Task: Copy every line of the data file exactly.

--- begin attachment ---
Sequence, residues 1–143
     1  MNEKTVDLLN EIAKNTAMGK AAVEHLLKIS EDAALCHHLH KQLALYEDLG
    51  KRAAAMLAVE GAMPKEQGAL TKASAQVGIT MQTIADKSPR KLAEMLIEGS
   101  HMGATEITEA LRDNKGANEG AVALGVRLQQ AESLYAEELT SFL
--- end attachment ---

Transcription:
Sequence, residues 1–143
     1  MNEKTVDLLN EIAKNTAMGK AAVEHLLKIS EDAALCHHLH KQLALYEDLG
    51  KRAAAMLAVE GAMPKEQGAL TKASAQVGIT MQTIADKSPR KLAEMLIEGS
   101  HMGATEITEA LRDNKGANEG AVALGVRLQQ AESLYAEELT SFL